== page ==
Blessed are those who believe

Blessed are those who believe

John 20:19–31

Last Sunday, Jesus was resurrected. This came as a surprise to everyone. It came as a surprise to those Jews such as the Sadducees who didn’t believe in the resurrection of the dead. It came as a surprise to those people who didn’t believe in anything. It came as a surprise to those Jews such as the Pharisees and Essenes who did believe in the resurrection. These Jews believed that everyone who died stayed dead until the last day and then everyone would be resurrected together.

It came as a surprise to his disciples, who also believed the resurrection of the dead came only on the last day. But who also believed that Jesus was the messiah and the messiah cannot die. They seem to have believed that the messiah would establish the messianic era, which would climax in the resurrection of the dead.

I’m guessing the resurrection of Jesus also came as a huge surprise to Satan, who thought he’d just won the final battle in his war against God. Only God wasn’t surprised.

It isn’t surprising therefore that last Sunday when the women disciples told the men disciples that Jesus their leader was alive, the men didn’t believe it.

The men insisted on running to the tomb to see for themselves.

We can, and often do, interpret that as them having doubt. We say the disciples lacked faith. In their defence, only a few days earlier Jesus had told them not to believe rumours about him.

In Matthew 24 we can read that he had said, “if anyone tells you, ‘Look, here is the Messiah,’ or ‘There he is,’ don’t believe it.”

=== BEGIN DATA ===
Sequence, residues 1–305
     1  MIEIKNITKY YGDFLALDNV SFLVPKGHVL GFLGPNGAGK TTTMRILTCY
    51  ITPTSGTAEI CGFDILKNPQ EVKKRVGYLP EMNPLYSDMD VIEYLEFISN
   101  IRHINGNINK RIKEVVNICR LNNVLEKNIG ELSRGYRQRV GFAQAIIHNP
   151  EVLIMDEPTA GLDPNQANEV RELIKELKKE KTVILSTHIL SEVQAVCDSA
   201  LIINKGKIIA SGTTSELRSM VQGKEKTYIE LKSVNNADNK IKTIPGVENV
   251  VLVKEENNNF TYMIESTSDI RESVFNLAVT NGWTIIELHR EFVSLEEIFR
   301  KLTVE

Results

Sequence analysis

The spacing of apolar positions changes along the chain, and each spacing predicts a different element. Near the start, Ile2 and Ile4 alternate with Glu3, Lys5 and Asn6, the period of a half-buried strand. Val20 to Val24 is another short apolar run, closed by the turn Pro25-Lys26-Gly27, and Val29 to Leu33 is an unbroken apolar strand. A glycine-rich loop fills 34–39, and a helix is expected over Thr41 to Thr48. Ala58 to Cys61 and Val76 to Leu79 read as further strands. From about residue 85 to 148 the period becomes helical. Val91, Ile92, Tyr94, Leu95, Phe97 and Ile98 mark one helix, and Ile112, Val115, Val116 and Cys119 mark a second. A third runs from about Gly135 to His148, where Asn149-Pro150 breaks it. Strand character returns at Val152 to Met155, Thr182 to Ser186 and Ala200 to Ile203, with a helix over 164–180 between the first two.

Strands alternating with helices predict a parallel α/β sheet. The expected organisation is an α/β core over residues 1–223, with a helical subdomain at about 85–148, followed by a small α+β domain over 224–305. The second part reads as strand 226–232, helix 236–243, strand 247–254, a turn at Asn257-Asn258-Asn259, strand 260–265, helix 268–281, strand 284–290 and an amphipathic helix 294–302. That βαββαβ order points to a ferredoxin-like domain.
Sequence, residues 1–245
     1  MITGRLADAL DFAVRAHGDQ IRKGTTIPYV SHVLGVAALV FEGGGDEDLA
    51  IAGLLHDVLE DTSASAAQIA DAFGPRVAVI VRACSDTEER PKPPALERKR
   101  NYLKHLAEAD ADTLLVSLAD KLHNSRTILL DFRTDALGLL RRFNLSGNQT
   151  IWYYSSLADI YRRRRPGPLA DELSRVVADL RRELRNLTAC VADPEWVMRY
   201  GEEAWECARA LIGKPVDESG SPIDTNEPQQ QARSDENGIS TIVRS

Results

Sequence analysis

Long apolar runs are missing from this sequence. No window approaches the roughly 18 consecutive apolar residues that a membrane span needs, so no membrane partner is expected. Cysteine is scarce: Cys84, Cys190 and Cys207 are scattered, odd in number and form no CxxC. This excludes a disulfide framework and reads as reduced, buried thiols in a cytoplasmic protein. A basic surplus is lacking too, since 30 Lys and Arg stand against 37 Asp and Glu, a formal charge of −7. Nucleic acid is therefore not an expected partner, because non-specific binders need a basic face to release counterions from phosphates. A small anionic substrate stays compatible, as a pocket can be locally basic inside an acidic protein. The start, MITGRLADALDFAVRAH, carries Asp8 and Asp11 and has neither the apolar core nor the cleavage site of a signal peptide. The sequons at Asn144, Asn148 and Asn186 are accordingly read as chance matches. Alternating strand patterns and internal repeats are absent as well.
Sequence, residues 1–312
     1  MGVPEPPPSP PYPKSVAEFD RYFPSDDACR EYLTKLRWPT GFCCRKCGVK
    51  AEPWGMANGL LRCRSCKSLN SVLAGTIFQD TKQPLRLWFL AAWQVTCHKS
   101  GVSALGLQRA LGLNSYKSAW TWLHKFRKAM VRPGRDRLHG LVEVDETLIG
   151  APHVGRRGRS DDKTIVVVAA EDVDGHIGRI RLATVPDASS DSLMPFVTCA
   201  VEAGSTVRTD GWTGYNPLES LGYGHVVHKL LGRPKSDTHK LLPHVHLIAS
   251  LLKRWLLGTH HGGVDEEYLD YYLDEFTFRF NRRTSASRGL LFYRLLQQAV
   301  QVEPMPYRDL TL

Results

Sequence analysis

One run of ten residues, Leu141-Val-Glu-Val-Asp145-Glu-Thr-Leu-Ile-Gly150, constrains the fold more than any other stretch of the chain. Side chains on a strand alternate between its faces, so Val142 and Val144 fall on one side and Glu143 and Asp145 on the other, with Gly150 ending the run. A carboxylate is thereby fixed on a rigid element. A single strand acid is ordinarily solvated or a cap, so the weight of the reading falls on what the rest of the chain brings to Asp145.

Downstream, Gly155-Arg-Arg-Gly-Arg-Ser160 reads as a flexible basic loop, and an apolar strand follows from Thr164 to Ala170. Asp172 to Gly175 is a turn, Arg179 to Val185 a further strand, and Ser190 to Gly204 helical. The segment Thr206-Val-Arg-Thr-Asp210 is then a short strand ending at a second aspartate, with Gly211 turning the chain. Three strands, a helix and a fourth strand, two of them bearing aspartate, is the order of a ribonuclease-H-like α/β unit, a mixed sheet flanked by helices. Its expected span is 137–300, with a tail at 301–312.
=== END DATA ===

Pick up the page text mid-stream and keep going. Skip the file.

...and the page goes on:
Of course, at the time he had been talking about the end of the world. An event they thought was in the distant future and not at all about to happen next week.

Jesus also told them, “So if someone tells you, ‘Look, the Messiah is out in the desert,’ don’t bother to go and look. Or, ‘Look, he is hiding here,’ don’t believe it! For as the lightning flashes in the east and shines to the west, so it will be when the Son of Man comes.”

That first Easter Sunday evening many of the disciples were gathered behind locked doors, “because they were afraid of the Jewish leaders. Suddenly, Jesus was standing there among them!”

It says they were filled with joy. They knew it was Jesus. He showed them his wounds, but their spirits just knew who he was. The sheep knew their master.

Now they believed he was resurrected. The light had flashed in their minds and hearts. They knew it was Jesus.

And then Jesus gave them a greeting and instructions. Jesus said: “Peace be with you. As the Father has sent me, so I am sending you.”

We don’t know what Jesus did on Monday or Tuesday. We don’t know what happened the rest of the week. It was the week of Passover festival. The Passover ended on Saturday. The traditional period of mourning was a week, but perhaps they weren’t mourning.

What we do know is that they were meeting together again the next Sunday.

One of the disciples was absent from the meeting last Sunday. We don’t know his name. They called him ‘the twin’, which in Aramaic is Thomas. So we call him Thomas.

He heard from the others that Jesus had attended the meeting. They told Thomas that Jesus had passed through locked doors and stood among them. They said he was resurrected.

Thomas replied, “I won’t believe it.” I’m not sure why he said this, but perhaps he was also thinking of what Jesus had told them about people who say ‘Look, here is the Messiah’. Don’t believe them! He would perhaps have thought they were deluded. He felt he should have some proof perhaps.

Let us not think too badly of Thomas. He was there the next Sunday meeting – today – with the other disciples. They were again behind locked doors. Again, suddenly Jesus was standing among them. Again he said, “Peace be with you.”

This time he spoke to Thomas. Jesus knew what Thomas had said. He told Thomas to touch his wounds. Jesus said to Thomas, “Don’t be faithless any longer. Believe!”